PITTSBURGH -- Evan Meek will take his next step forward in his return from right shoulder tendinitis on Wednesday when he gets on the PNC Park bullpen mound.
Meek is scheduled to throw a side session -- his first since he pitched on April 26 -- after having tested his shoulder through several days of long toss. The right-hander threw from a distance of 120 feet on flat ground on Tuesday and said afterward that he felt great.
Assuming there are no setbacks on Wednesday, Meek said he expects to join the team during its upcoming series in Milwaukee and throw a second bullpen session there. The Pirates' plan is to then send Meek out on a short Minor League rehab stint, which will allow him to make a few appearances before being reinstated.
Right-hander Kevin Hart (right shoulder surgery) is progressing through his rehab without any issue, as well. Hart said he will throw live batting practice later this week. He'll have at least two such sessions before being sent to extended Spring Training or on a Minor League rehab assignment to complete his progression back.
Hart, who is on the 60-day disabled list, is not eligible to come off until May 30 or later.
Hurdle sees benefits in replay expansion
PITTSBURGH -- To expand or not to expand? It's a question that has pitted baseball purists against technology advocates for years and was a debate to which Pirates manager Clint Hurdle contributed his thoughts on Tuesday.
The topic was a fitting one for Hurdle's pregame media session, given that less than 24 hours earlier his club had greatly benefited from a missed call. With the game tied in the eighth, third base umpire Mike DiMuro mistakenly ruled that outfielder Jose Tabata caught a sinking liner to left. Tabata then fired to first to complete a double play.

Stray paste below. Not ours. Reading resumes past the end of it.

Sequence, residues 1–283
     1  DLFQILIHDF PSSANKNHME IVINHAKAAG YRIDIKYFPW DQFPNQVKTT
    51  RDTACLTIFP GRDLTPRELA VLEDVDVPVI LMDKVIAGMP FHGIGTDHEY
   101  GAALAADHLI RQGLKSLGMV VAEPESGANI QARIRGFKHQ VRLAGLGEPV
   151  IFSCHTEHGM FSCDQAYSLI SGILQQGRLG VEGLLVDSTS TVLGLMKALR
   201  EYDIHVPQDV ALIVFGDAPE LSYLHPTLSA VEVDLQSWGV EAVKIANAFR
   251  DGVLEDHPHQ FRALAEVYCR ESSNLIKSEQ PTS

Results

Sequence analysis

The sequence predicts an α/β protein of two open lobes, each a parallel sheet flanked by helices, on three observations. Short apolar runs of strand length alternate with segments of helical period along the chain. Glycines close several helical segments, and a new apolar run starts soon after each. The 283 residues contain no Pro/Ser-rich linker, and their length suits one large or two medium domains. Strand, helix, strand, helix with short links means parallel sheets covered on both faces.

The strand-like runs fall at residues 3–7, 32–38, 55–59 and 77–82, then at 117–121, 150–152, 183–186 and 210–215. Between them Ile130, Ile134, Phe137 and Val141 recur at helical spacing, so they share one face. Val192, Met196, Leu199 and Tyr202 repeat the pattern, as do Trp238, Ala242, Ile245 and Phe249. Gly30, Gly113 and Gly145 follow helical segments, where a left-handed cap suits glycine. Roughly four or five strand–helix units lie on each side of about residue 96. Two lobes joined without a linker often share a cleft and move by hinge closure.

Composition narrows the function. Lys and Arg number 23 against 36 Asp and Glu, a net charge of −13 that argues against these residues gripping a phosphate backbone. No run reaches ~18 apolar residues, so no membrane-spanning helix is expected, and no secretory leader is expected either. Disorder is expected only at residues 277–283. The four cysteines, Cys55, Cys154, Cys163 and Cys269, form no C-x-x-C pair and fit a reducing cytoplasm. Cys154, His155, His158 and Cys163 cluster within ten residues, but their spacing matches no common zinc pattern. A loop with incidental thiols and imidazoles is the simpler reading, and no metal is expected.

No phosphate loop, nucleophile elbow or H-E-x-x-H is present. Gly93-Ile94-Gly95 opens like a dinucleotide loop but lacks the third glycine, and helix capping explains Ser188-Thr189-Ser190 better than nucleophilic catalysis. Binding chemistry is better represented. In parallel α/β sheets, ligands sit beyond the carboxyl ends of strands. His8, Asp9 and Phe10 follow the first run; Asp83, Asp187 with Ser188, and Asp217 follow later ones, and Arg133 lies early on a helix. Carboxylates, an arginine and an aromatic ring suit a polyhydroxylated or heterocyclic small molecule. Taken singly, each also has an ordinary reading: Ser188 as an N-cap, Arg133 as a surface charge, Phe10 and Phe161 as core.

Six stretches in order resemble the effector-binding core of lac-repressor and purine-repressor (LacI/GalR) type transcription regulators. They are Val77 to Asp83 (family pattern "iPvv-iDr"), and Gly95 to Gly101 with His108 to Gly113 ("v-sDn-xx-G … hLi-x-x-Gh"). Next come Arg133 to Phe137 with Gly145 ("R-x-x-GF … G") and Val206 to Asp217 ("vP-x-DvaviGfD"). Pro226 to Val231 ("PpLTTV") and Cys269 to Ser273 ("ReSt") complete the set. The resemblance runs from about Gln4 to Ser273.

Replays clearly showed that the ball skipped into Tabata's glove. Instead of having runners on the corners and no outs, the Dodgers were left with two outs, two ejections and no-one on base.
Hurdle did not express a desire for widespread change, but he did cite some benefits in having Major League Baseball at least look into the possibility of increasing its replay technology.
"I think we live in a society that is enamored with technology," said Hurdle, who has had discussions with Joe Torre, MLB's executive vice president of baseball operations, on this subject. "I also think that part of what makes sports sports is a human element. I think we're taking steps along the lines to move smartly, along with caution, that we don't get outside ourselves and lose the human element.
"What I would like to see done is if there are thoughts about moving forward, just gauge the plays that happen during the course of the season. Take it like you would a lab experiment. How many of the similar plays are happening?"
The Associated Press reported earlier this season that MLB was leaning toward expanding the use of instant replay beginning next season. The report cited fair-or-foul calls and trapped balls as two areas that would likely be covered in an expansion.
MLB instituted replay for home run calls -- fair or foul, in or out, fan interference -- late in the 2008 season. Ironically enough, prior to the disputed call in the eighth inning, the Pirates had a double by Garrett Jones upheld by replay on Monday night.
"I'm happy with the game," Hurdle said. "You're definitely going to feel like you've been violated when a break doesn't go your way. It's also part of the sport in every sport. You have human beings involved all over the place."
Alvarez back on bench Tuesday
PITTSBURGH -- Pedro Alvarez was back on the bench for Tuesday's game against the Dodgers, even though he was cleared to return to the lineup on Monday. This time, though, Alvarez's absence had nothing to do with injury.
"Personally, I feel good," said Alvarez, who had been sidelined with right quad tightness. "I'll be available as needed."
Added manager Clint Hurdle: "He's healthy. He's absolutely healthy."